As I was descending one of the sailys lost interest and moved off but the remaining fish thankfully still wanted to eat my flasher! I was closing the gap quickly but was reluctant to shoot from above as it was moving quickly and very erratically so I pulled my gun in and angled slightly away from the fish to land on the sand on the opposite side of my flasher. As I hit the bottom and before I had time to compose myself it was right in front of me and shooting from the hip at almost point blank range I hit him dead center just behind the shoulder.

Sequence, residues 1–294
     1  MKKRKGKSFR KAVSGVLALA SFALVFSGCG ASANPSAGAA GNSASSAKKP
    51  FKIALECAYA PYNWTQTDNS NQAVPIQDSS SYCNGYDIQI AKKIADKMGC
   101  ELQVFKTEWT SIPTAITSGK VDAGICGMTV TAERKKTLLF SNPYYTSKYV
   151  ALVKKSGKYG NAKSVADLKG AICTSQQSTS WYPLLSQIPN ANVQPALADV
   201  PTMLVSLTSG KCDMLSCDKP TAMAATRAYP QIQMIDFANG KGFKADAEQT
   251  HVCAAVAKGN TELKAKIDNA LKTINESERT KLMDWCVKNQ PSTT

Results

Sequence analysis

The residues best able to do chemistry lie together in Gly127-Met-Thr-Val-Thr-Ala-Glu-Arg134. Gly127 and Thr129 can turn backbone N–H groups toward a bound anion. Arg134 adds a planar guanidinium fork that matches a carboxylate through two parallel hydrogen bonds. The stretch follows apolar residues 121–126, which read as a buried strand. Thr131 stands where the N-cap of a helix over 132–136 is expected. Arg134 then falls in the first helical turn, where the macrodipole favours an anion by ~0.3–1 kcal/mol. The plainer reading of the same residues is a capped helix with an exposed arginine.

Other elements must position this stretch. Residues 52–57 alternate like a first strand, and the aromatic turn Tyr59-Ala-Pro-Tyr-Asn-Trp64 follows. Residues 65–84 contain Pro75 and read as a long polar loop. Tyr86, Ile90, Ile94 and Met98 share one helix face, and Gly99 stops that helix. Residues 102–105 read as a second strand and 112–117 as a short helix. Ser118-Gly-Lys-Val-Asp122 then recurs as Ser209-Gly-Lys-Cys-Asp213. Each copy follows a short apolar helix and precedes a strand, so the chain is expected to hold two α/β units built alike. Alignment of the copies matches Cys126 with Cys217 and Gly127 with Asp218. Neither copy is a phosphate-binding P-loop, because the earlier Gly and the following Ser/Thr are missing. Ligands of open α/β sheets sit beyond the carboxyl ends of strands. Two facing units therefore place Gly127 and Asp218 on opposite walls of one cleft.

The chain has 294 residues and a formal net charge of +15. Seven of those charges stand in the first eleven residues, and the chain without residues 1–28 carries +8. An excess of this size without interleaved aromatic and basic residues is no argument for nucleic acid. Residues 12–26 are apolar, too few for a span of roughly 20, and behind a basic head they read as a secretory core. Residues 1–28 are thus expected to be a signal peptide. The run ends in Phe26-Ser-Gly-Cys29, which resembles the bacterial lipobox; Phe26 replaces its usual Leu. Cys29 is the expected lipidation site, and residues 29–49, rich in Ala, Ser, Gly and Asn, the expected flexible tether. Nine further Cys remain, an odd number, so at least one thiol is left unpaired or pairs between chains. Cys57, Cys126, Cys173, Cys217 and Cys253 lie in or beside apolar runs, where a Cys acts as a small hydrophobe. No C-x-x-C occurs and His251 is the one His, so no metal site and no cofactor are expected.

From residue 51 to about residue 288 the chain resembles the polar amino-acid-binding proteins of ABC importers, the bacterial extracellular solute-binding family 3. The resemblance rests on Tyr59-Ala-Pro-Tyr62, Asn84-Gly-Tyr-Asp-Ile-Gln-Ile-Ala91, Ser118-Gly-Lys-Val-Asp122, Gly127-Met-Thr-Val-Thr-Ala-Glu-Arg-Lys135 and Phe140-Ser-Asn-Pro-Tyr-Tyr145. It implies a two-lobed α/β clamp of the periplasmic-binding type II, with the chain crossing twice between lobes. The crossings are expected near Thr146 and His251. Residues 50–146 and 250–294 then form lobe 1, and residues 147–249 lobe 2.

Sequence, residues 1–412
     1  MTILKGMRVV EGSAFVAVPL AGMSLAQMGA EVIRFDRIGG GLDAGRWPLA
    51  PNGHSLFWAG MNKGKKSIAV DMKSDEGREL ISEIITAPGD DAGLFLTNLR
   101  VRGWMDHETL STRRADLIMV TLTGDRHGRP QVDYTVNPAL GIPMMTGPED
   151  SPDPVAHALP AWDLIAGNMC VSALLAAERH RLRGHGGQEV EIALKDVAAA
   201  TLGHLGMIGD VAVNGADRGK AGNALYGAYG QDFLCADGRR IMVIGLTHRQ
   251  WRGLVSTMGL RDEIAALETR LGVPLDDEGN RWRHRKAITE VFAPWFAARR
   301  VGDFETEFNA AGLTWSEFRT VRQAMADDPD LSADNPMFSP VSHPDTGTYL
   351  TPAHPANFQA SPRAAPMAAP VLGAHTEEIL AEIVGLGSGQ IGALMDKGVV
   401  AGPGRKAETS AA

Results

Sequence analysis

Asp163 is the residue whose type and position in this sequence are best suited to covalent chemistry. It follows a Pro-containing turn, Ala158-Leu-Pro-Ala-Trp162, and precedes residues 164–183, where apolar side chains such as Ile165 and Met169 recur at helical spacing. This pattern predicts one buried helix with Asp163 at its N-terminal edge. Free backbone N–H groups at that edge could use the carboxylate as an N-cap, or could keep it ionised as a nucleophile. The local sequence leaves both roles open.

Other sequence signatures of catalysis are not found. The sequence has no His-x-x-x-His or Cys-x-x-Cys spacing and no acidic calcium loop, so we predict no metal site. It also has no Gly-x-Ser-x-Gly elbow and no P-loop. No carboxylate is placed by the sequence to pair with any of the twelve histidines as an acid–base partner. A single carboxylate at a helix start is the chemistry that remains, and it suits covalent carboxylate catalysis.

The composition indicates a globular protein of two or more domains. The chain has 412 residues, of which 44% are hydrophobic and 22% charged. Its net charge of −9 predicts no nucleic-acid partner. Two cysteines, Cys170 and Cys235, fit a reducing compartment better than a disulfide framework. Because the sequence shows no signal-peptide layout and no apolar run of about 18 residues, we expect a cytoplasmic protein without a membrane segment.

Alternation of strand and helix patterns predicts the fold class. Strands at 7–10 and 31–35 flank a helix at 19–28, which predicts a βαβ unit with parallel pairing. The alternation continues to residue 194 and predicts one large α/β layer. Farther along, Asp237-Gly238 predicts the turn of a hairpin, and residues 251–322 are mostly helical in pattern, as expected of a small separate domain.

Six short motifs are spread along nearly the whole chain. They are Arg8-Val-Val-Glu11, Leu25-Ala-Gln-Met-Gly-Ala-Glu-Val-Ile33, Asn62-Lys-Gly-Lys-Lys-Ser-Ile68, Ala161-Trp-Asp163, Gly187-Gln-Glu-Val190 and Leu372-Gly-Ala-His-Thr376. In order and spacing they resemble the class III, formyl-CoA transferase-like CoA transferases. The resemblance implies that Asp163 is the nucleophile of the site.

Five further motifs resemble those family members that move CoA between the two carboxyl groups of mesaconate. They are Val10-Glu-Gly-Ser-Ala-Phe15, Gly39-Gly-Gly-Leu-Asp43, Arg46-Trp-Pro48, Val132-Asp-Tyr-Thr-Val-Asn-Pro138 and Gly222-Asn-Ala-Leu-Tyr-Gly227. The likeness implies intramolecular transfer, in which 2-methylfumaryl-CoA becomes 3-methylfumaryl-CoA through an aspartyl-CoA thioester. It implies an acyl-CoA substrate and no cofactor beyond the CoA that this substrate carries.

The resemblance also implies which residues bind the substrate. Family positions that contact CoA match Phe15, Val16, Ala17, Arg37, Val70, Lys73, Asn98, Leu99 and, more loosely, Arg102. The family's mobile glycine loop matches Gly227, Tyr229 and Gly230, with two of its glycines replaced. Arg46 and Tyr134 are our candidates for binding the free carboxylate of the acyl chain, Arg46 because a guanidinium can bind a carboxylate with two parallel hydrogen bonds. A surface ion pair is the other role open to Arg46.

It took off float in tow and thankfully after heading inshore a bit, headed out to deeper water. I remember looking up and seeing it tail walking in the distance while swimming hard to try close the gap. When I was about 50 meters away I looked down and saw an absolute monster of a Zambi (Zambezi or Bull Shark) heading toward my prize. I caught up to my float and knowing my shot was good started to pull hard. Soon I had him 5m below me and not wanting to waste time as I didn't know where the shark was, I dived to try get hold of and subdue him when he flicked around as If to charge and I backed off and gave him some space. John was right there in the boat and again passed me a second gun that I loaded, clipped onto the shooting line of the first gun then put another spear in him. I then jumped on the boat and pulled the fish up the last few meters. Time for a quick photo or two then we went to find Mark and pick him up. It was about 11:00am and the front had hit in full force but the excitement of landing another good fish had us heading north back to the beacon for a last drift.